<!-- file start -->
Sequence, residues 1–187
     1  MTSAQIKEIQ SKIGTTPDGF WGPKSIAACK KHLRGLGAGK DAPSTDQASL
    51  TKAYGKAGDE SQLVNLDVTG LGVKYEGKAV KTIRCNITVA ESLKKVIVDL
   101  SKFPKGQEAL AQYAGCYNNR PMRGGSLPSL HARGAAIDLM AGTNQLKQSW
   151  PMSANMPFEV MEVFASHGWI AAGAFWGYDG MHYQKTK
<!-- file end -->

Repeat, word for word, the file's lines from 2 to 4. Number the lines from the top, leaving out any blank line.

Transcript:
     1  MTSAQIKEIQ SKIGTTPDGF WGPKSIAACK KHLRGLGAGK DAPSTDQASL
    51  TKAYGKAGDE SQLVNLDVTG LGVKYEGKAV KTIRCNITVA ESLKKVIVDL
   101  SKFPKGQEAL AQYAGCYNNR PMRGGSLPSL HARGAAIDLM AGTNQLKQSW